Persuasion advice is all the rage these days — but does it really work?
Whether it’s yet another influencer dishing out obsolete Ben Franklin quotes (nothing against Ben but the world was a simpler place 300 years ago), or some book telling you to “create urgency,” one thing is clear: Somehow, the world is full of more unpersuasive people than ever before.
Curiously, some of the least persuasive people are actually professional salespeople. Be honest, when is the last time a salesperson REALLY influenced your decision to buy something?
It may happen on rare occasions, but it’s definitely not the norm. (This is why whoever sold you your last car/refrigerator/couch/TV/dishwasher probably doesn’t work there anymore.)
Personally, I’ve noticed 4 levels of professional grade persuasion:
1) Tricksters. This is the type of person you’ll often find working at car dealerships, or leasing apartments. They think persuasion is about tricks, gimmicks, and being slick. They’ll tell you blatant lies, like, “You better act quickly — there’s only 1 unit left at this price!”
2) Pot-Shotters. Think of the salesperson who accosts you at Costco trying to get you to sign up for DirecTV. These people believe that persuasion is a numbers game. Go after enough shoppers, and some will inevitably say yes…right? This salesperson’s real game is facing loads of rejection. Their mantra is, “Next!”
3) Relationship Builders. These are usually smart people with a generous helping of people skills they can use to sell just about any solid product or service. They don’t just know your name, they remember all of the details, right down to your exact needs and preferences, and even your kids’ birthdays. At the low end you might find them selling gym memberships; at the higher end they can sell anything from advertising to pharmaceuticals, Beverly Hills mansions, and even private jets.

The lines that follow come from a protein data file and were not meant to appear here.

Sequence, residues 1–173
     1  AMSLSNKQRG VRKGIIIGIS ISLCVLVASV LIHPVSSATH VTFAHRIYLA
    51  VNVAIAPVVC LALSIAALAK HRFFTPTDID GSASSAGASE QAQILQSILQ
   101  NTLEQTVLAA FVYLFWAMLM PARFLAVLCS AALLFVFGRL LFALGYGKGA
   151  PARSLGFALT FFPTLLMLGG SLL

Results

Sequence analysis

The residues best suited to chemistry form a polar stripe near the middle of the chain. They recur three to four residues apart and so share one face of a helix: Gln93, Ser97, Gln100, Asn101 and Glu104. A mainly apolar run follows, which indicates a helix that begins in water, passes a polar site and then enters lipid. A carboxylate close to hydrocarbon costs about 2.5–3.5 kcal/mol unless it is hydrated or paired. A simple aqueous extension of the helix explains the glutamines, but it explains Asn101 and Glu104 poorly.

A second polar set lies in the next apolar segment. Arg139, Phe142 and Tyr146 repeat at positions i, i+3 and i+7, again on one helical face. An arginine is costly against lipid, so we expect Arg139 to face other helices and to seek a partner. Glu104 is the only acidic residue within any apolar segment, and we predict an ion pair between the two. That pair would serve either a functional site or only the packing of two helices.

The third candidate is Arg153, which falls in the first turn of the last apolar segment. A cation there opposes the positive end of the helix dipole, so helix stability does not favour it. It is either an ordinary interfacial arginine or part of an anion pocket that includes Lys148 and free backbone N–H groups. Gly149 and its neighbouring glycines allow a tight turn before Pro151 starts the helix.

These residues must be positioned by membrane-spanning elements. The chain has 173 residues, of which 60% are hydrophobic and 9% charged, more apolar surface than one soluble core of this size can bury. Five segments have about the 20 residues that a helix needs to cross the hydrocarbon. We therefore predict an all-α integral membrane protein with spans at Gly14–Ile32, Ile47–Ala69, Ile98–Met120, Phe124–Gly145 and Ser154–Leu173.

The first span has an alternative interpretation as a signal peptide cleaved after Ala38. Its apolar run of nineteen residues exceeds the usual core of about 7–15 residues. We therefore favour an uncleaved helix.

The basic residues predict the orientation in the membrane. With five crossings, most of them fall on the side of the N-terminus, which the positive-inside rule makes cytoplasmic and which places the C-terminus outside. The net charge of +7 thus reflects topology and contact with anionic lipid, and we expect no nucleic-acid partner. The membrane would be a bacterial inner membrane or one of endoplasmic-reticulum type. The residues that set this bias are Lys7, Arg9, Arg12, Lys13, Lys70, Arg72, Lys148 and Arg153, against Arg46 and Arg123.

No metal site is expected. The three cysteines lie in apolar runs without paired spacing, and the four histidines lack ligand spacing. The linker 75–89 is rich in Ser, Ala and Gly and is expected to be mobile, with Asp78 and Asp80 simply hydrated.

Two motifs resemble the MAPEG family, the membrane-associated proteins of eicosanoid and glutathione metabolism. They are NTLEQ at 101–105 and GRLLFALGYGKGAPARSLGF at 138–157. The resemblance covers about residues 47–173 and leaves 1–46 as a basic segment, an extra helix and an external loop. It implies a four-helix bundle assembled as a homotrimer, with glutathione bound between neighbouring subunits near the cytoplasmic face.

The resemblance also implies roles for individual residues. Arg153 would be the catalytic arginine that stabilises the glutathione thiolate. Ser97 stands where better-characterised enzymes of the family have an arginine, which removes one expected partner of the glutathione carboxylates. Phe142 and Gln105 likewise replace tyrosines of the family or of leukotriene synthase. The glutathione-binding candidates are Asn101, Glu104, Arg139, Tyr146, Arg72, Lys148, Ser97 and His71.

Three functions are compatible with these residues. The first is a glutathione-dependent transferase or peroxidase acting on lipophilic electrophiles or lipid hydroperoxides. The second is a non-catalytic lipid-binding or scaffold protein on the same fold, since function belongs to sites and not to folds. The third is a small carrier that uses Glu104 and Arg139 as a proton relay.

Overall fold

4) Invisible Persuaders. These are the only true persuasive masters. You usually won’t find these people selling on the front lines — they’re usually operating at scale, orchestrating the persuasion of tens of thousands (or even millions) of people every day. They make it look easy because you never see the invisible strings they are pulling. For example, they may tell a simple story…then stand back as herds of people do whatever they say.
I don’t know about you, but that last category interests me the most. Not just because they can teach us the most about how to be persuasive, but also because learning and internalizing these lessons can help you be more resistant to persuasion — a very useful quality.
Tomorrow, I’ll show you real examples of Invisible Persuaders in action, including one who made an art out of stealthily persuading very powerful people — without them ever realizing it.
In the meantime, care to take a guess as to what industries or jobs you might find Invisible Persuaders working in? Hint: They’re all around us, and tend to hide in plain sight. You can find them in just about any industry, but you’re more likely to notice them in certain jobs or fields.
Just for fun, leave a comment below and tell me 1 off the top of your head.